TELECOM Digest OnLine - Sorted: Re: Online Dating

Re: Online Dating

Henry Cabot Henhouse III (
Fri, 14 Oct 2005 06:24:11 -0700

Actualy, "online dating" started with the single line bbs in the early
80's. By the late 80's to mid 90's, there were thousands, many of
them with dozens (a few with a hundred or more) dial up lines and
quite a few sporting connections to packet (X.25) networks.

"Catherine Arnst" <> wrote in message

> C'mon, Baby, Light My Brain Cells
> Thu Oct 13, 8:16 AM ET

> Online dating has been around for about a decade, and it's undeniably
> popular: Some 21 million Americans subscribe to online dating services
> and 1 in every 100 Internet visitors posts a personal ad.But high use
> doesn't necessarily mean high satisfaction levels. Anyone who has ever
> tried Internet dating knows the pitfalls -- the difficulty of sifting
> through hundreds of often generic-sounding profiles, the misleading or
> outright dishonest ads, the failure to find any connection once you
> meet the person you've been happily e-mailing for weeks.

> Helen E. Fisher thinks she can change all that. Fisher, an
> anthropologist and research professor at Rutgers University's Center
> for Human Evolutionary Studies, specializes in love, marriage, and
> gender differences. She's the author of four books, including her most
> recent, titled Why We Love: The Nature and Chemistry of Romantic
> Love. She believes that the type of person we are attracted to is
> hardwired into our neurons, etched by a combination of hormones, brain
> chemicals, and childhood experiences.

> "Love Map." As an adviser to new spinoff,, Fisher is
> trying to quantify that certain something we're all looking for in a
> mate. She designed a lengthy set of questions that a subscriber fills
> out. The answers are then run through a computer, which tries to
> decipher the "love map" in the subscriber's brain. It then searches
> the site's database for potential matches.

> The site launched on Oct. 11. Later that day, BusinessWeek Senior
> Writer Catherine Arnst talked to Fisher about her research and its
> role in online dating. Edited excerpts of their conversation follow:

> So, how does come up with matches?

> is quite different than anything else that's out there
> (in the online-dating world). I designed a lot of these questions to
> determine your brain chemistry. If you have high levels of serotonin,
> for example, you are likely to be calm and stable. More of a guardian,
> a pillar of society.

> There are other personality types as well that are based on chemistry.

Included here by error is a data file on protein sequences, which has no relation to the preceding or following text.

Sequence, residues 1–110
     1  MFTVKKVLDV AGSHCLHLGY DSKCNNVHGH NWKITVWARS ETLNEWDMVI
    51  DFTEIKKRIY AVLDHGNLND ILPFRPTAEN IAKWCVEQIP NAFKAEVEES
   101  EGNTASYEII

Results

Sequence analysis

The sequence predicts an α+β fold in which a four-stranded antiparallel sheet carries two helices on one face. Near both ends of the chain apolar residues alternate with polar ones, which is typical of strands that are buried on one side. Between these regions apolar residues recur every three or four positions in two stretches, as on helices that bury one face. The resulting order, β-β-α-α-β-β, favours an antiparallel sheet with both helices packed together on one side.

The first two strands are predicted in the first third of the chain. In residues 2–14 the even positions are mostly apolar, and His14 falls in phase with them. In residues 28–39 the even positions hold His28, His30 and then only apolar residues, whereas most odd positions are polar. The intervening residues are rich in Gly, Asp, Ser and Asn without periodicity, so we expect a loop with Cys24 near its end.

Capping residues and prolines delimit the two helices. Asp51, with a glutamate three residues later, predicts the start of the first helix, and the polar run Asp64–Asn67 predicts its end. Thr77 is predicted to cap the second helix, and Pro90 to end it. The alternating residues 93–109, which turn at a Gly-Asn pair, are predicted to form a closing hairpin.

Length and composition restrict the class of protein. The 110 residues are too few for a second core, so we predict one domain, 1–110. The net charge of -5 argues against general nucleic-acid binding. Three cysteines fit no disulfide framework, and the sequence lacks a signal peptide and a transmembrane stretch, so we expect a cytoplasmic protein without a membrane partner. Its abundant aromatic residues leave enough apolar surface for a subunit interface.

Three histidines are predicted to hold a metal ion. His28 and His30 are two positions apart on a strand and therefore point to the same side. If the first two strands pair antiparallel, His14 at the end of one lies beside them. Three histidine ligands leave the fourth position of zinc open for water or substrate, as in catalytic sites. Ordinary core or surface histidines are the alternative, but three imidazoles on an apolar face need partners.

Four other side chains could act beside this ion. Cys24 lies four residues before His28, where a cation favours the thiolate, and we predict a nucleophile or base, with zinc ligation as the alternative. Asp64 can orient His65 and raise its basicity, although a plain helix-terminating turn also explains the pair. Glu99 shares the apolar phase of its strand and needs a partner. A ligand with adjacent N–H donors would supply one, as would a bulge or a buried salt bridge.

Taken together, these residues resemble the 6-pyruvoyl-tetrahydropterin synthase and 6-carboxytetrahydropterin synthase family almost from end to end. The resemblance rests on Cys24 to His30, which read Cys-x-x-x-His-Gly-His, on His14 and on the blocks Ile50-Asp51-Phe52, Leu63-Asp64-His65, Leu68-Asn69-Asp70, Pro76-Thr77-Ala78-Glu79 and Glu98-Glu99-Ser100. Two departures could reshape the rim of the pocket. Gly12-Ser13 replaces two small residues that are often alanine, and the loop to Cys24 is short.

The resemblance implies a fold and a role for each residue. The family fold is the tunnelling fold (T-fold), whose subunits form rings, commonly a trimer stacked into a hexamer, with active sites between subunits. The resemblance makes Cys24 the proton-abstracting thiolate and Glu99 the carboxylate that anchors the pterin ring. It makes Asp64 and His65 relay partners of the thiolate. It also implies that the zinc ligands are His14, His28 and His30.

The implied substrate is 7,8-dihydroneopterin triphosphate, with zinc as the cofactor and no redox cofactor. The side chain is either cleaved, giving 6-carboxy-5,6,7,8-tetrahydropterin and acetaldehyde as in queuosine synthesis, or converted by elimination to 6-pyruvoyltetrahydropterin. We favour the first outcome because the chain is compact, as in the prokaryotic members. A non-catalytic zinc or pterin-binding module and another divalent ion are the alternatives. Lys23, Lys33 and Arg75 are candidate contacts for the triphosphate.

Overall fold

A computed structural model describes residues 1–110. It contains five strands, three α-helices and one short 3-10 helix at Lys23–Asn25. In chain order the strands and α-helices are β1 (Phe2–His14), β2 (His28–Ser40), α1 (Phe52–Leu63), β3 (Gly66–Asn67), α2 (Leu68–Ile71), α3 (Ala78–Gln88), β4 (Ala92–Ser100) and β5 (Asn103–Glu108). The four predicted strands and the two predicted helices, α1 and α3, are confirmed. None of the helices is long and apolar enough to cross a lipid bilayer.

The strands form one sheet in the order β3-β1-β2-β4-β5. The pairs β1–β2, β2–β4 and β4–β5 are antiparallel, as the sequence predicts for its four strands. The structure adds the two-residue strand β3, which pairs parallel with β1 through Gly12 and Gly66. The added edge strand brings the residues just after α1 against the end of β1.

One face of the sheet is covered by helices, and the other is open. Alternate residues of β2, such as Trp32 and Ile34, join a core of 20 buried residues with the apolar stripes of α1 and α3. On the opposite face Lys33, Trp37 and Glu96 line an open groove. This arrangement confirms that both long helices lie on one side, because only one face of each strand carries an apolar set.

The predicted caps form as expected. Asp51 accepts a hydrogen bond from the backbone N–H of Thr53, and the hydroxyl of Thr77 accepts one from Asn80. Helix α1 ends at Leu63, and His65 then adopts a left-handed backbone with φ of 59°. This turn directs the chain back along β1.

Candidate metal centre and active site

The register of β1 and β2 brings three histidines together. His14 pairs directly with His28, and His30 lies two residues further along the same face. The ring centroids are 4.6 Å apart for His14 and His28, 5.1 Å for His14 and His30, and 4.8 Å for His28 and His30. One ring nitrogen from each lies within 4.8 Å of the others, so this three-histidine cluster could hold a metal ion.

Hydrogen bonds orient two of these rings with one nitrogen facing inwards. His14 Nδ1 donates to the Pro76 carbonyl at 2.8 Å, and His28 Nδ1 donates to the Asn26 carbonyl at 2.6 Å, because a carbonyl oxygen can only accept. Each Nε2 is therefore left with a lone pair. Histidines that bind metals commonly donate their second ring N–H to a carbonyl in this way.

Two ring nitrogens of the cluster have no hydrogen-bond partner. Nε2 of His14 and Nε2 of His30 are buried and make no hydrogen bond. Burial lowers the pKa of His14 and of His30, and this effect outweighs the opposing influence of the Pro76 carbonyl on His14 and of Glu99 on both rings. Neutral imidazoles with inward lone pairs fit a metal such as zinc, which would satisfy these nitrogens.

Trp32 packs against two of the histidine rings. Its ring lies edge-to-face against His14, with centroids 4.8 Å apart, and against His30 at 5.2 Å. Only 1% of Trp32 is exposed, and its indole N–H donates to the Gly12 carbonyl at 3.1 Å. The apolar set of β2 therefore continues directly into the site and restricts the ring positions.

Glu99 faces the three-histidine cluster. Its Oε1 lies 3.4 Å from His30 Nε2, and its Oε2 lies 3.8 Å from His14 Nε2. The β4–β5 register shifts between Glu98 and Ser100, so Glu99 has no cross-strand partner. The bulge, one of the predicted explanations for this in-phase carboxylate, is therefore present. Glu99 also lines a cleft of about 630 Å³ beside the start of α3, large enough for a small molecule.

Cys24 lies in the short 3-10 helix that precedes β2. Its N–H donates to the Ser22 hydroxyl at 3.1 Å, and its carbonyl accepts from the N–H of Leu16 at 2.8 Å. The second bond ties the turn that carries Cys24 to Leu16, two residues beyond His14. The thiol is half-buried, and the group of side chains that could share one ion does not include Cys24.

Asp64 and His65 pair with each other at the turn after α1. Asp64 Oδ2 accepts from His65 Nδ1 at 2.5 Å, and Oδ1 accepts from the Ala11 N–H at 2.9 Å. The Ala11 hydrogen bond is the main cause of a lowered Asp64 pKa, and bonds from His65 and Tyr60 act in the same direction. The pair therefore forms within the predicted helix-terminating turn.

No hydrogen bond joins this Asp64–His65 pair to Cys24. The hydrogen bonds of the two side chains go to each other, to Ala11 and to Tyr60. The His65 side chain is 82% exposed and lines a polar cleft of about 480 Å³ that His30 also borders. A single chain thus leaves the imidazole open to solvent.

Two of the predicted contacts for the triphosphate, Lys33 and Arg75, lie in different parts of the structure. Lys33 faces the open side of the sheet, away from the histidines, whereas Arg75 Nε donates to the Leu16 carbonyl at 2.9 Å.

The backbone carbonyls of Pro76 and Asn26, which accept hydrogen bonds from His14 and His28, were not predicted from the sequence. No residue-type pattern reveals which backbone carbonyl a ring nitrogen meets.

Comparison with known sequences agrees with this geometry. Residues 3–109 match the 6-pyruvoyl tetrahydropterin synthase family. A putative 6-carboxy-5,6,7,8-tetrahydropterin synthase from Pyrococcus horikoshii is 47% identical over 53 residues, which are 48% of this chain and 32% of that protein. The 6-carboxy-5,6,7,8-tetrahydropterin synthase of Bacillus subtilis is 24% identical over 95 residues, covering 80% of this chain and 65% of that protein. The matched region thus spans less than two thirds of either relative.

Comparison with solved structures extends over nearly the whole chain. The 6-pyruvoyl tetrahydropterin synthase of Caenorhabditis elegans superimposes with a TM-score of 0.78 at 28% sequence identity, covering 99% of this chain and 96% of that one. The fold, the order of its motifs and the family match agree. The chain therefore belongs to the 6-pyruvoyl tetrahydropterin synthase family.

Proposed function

> There are questions that tell us if you are good at abstract thinking,
> or quick to make decisions and act on them.

> It's not exactly like I'm going to light a fire between the two of you.
> It just raises the chances. Most people fall in love because they have
> shared values, but they stay in love because their personalities mesh.
> We're trying to increase the changes of finding that spark and joy and
> excitement you feel when personalities mesh.

> But how can science be used to find something that most people feel is
> more akin to magic?

> There is still magic to love, of course. Even though we employ science
> we recognize that many factors determine who we love. Your childhood
> also plays an enormous role in shaping your likes and dislikes.

> We ask questions, for example, about the characteristics of your
> former best relationship. We are trying to get at who you were really
> compatible with, what kinds of characteristics that person had. I want
> to know not only what your brain chemistry is, but what was successful
> for you in the past.

> Why did you decide to get involved with

> So many scientists have theories and don't really ever learn whether
> they work or not. Also, I wouldn't have gotten involved if I didn't
> think it had some real value. The typical dating sites match you based
> on similarities, but there is more to a good match than similarities.

> There are the complementary features as well. We fall in love with
> someone who masks those parts of us that we don't like and accentuates
> the parts of us we do like. ( is trying to get at some of
> those very subtle ways that people complement each other.

> How confident are you that it will work?

> I'm certainly confident in the brain chemistry. But can we ever be
> totally confident about love? Certainly not. The clients play a big
> role in the outcome, after all.

> What really astonishes me, though, is that I came up with four basic
> personality types in my research, and these same four types have been
> described by Plato, Aristotle, Carl Jung, Myers-Briggs. Mankind has
> long known that there are personality types. And we can use that
> knowledge to up your chances of finding the right person.

> One of the questions on asks how long your index finger is
> compared to your ring finger. What's the significance of that?

> We are measuring how much testosterone you were exposed to in the womb.
> There is new data that shows that the brain is patterned before birth.
> The length of the finger can give some clues as to how assertive they
> might be.

> (Studies have found that the length of the index fingers is genetically
> linked to the sex hormones. A person with an index finger shorter than
> the ring finger will have been exposed to more testosterone while in the
> womb, and a person with an index finger longer than the ring finger will
> have had more estrogen. In women, the two fingers are usually equal in
> length, as measured from the crease nearest the palm to the fingertip.
> In men, the ring finger tends to be much longer than the index finger.
> You can all run for your rulers now.)

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